Spice of life: Rare blood, anonymous donors bind us together
One day while on duty, we got an SOS call for a dire need of blood for a woman hospitalised at PGI, Chandigarh, with dengue. The mere name of the blood group raised our eyebrows as none of us in the office had ever heard about it.
We were worried as we learnt that the woman in her mid-twenties had a two-month-old daughter and were thinking about the little one’s future if something drastic were to happen.
This was last September when dengue was at its peak in Punjab.
The woman’s father lamented that there was no donor because of the woman’s rarest of rare blood group, the Bombay blood group also known as HH blood group. He said that doctors at PGI were also trying to locate donors but in vain.
No one had heard or read about this blood group so we were not convinced. On searching the Internet, however, we found that Bombay blood group was discovered seven decades ago and was first reported in a patient from that city which was why it was named thus.
It was also established that the blood group was found among people of South and West India. Experts said one in 10,000 people had a chance of having this blood group.
We got involved in finding donors and immediately created a WhatsApp message with all information, contact number and addresses where the blood was needed. We shared it in different groups. Within three hours, the message was circulated in different states.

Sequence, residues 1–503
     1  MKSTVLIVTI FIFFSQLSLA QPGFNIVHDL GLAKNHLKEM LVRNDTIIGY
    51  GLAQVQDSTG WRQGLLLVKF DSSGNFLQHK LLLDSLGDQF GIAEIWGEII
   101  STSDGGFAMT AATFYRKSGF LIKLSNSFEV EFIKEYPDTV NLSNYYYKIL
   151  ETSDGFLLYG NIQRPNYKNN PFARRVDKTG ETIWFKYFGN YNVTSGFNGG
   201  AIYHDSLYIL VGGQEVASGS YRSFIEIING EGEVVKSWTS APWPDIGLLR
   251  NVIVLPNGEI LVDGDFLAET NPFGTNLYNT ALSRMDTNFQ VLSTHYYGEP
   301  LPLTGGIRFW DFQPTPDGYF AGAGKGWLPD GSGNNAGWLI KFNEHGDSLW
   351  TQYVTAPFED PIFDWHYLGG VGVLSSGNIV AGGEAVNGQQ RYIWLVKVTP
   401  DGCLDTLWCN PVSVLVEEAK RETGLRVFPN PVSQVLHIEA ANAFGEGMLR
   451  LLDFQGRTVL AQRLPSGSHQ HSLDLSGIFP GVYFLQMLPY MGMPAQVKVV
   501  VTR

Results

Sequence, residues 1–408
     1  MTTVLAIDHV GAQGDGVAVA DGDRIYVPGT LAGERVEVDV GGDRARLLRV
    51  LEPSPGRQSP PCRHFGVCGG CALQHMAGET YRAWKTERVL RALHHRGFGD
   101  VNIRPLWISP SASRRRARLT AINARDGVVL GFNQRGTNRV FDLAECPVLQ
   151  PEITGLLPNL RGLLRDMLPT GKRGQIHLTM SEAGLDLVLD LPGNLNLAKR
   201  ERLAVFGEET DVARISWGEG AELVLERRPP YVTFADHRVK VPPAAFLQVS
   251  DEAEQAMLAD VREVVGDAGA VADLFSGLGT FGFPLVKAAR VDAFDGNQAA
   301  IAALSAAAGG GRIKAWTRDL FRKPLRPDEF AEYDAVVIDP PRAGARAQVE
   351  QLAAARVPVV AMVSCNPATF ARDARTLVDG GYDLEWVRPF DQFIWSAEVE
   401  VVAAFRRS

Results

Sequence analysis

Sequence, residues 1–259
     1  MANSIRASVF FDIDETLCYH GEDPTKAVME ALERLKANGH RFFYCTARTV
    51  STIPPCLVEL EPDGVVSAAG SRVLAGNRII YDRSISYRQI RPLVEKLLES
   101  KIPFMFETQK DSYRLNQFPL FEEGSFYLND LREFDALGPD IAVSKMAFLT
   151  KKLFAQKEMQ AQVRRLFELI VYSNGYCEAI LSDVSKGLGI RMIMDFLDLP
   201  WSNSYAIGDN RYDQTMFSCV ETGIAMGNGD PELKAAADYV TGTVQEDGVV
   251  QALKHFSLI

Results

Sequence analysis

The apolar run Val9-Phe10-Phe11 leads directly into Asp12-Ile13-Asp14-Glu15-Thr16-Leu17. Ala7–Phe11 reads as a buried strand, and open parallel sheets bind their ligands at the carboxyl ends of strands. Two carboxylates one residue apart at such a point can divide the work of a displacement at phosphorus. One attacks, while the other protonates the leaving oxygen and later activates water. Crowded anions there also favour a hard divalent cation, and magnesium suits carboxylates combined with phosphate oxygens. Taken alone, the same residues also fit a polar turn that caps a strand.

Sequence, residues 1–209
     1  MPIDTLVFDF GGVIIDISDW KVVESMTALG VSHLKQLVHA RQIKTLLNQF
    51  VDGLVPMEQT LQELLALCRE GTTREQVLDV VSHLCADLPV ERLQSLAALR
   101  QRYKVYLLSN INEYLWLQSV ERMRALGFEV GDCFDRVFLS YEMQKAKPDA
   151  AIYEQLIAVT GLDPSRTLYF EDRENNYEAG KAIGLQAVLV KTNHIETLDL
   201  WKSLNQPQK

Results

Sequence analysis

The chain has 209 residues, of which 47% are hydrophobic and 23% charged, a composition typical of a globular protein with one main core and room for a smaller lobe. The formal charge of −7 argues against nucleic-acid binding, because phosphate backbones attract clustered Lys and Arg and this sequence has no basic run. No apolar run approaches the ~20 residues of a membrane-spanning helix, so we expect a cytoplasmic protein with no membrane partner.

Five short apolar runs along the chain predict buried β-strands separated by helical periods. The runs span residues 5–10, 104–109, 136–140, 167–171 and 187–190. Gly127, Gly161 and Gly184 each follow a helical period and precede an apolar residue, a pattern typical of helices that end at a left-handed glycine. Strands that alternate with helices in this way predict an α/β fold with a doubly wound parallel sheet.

Our friends in the North were not convinced either and kept enquiring about the authenticity of the blood group. Some even declared the message as bogus. On the other hand, we started receiving calls from the South with friends expressing their desire to help immediately.
Some of them even offered contact numbers and addresses of websites that could be of help. One gentleman said he had got information about the need for the blood group from a TV channel in Karnataka!
After two days, the woman’s father informed us that two donors of Bombay blood group surfaced and quietly left after donating blood.
Ten days on, the woman was discharged from PGI and our little effort through social media established a blood relationship between unknown people sitting thousands of kilometres away. email@example.com
The writer is a freelance contributor from Nabha Sahib near Mohali